Teachers love to borrow. How often do you hear “Why reinvent the wheel?”. Teachers spend countless hours combing the internet in search of the perfect lesson or powerpoint or worksheet, only to find something nearly right, and the remixing begins.
The internet and 21st century ideas about sharing public work have increased teachers’ ability to remix. Most give credit where it is due, but some don’t think twice about lifting work from other teachers laying about on the internet in plain view.
Lawrence Lessig, in his article The “Imbecile” and “Moron” Responds: On the Freedoms of Remix Creators, said it best:
[Y]ou have the right to take it and use it.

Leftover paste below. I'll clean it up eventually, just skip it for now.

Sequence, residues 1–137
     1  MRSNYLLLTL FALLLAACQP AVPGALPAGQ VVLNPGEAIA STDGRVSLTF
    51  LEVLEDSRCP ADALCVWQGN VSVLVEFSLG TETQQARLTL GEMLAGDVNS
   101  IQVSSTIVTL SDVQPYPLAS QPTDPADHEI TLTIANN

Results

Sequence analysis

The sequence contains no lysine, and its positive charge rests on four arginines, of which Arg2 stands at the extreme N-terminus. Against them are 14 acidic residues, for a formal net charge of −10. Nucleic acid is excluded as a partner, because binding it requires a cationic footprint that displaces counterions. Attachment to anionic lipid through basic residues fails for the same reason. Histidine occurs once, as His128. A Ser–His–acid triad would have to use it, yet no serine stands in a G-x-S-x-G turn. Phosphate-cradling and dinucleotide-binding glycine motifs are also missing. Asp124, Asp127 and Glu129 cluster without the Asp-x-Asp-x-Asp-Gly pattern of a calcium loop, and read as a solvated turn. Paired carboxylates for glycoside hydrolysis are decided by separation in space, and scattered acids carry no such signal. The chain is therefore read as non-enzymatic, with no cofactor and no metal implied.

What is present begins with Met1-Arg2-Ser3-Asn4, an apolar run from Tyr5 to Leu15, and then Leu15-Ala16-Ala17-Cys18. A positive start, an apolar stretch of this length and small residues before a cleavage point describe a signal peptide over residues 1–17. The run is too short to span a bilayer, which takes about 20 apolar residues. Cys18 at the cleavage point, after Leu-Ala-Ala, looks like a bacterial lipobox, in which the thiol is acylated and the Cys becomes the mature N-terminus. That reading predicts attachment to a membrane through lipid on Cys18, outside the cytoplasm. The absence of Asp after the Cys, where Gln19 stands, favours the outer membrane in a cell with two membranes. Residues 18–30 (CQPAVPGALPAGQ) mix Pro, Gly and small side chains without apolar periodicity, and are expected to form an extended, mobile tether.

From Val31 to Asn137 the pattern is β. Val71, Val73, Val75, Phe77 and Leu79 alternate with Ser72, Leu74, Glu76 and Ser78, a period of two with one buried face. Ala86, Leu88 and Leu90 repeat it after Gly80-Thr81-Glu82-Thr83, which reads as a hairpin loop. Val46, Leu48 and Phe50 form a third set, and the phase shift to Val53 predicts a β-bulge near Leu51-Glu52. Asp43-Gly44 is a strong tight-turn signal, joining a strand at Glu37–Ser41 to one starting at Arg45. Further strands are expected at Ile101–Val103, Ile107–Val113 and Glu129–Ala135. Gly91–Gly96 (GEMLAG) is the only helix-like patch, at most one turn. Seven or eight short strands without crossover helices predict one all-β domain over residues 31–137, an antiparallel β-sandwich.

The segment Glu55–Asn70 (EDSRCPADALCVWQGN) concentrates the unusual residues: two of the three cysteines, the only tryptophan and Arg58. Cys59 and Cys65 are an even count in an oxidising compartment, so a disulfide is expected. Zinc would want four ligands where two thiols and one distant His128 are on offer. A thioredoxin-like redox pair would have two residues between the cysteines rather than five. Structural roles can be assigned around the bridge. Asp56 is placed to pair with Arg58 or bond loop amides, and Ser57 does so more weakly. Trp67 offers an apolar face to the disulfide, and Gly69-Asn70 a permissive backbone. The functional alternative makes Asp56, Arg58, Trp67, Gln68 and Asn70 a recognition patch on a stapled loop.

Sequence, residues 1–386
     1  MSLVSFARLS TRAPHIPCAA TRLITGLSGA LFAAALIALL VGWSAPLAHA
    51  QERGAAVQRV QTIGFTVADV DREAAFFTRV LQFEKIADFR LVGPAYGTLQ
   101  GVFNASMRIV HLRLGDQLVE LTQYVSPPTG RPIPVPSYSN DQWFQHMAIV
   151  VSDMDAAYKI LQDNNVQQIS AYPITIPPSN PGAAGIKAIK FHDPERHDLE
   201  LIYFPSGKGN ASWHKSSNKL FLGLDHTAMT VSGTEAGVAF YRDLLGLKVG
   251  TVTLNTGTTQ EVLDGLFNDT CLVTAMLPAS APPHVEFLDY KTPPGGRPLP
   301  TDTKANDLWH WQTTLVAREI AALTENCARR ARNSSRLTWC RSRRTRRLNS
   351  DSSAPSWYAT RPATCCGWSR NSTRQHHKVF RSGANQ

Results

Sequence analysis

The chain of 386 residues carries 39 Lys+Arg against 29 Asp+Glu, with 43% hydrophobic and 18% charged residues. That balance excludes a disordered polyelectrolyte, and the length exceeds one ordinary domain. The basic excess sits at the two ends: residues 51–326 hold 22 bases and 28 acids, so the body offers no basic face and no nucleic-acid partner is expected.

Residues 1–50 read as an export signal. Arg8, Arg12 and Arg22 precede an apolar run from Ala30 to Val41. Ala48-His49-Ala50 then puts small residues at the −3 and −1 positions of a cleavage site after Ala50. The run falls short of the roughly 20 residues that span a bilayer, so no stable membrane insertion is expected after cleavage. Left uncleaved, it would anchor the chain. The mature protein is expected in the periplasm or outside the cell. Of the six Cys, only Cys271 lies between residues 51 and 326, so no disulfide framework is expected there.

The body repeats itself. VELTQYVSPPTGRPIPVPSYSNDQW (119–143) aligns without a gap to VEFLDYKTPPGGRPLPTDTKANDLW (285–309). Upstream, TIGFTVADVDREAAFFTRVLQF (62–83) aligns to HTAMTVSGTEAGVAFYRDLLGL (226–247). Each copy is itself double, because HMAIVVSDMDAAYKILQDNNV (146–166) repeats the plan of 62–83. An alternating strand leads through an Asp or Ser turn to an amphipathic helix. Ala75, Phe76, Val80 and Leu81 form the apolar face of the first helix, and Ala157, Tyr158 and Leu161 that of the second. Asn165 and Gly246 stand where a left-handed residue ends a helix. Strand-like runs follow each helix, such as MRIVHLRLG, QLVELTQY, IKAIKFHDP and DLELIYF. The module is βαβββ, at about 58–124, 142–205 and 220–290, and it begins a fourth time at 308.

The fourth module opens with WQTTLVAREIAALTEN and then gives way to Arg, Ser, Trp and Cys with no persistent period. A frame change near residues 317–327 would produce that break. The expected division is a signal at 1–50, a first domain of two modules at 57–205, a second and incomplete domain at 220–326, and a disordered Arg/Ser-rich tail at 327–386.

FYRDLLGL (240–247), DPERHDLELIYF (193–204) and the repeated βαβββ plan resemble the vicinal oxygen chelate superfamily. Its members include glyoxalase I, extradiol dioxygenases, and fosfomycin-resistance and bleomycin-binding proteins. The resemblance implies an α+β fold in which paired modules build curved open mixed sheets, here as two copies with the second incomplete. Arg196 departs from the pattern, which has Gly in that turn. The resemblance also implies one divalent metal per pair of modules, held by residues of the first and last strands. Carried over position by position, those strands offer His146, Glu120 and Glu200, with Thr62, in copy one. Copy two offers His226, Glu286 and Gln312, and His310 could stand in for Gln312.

When you use someone else’s work, you give them credit. We need to stand up and acknowledge what we’re doing, give people credit, and thank them, but not ask permission.
We have to respect the people whose art we build upon. But we don’t respect them in the old fashioned way, by having our lawyer call their lawyer. Respect in the 21st century is acknowledgment.
In my own classroom, I search for ideas, concepts, and occasionally essay prompts. More often than not, my search results leaving me wanting. As I said before, this is when the remix begins. I borrow from here and there, taking information or formatting from one source, and designs and additional information from another. Remixing is nothing new. With life on the internet, it’s no longer a secret that teachers borrow, steal, alter and reinvent other people’s work. In the end, it’s about connections. The art of remixing often draws upon students’ prior knowledge, connecting them to the information they are presented with. In a world with endless knowledge and sources, we must be the guides for our students with their connections to help make sense of this complex, digital world.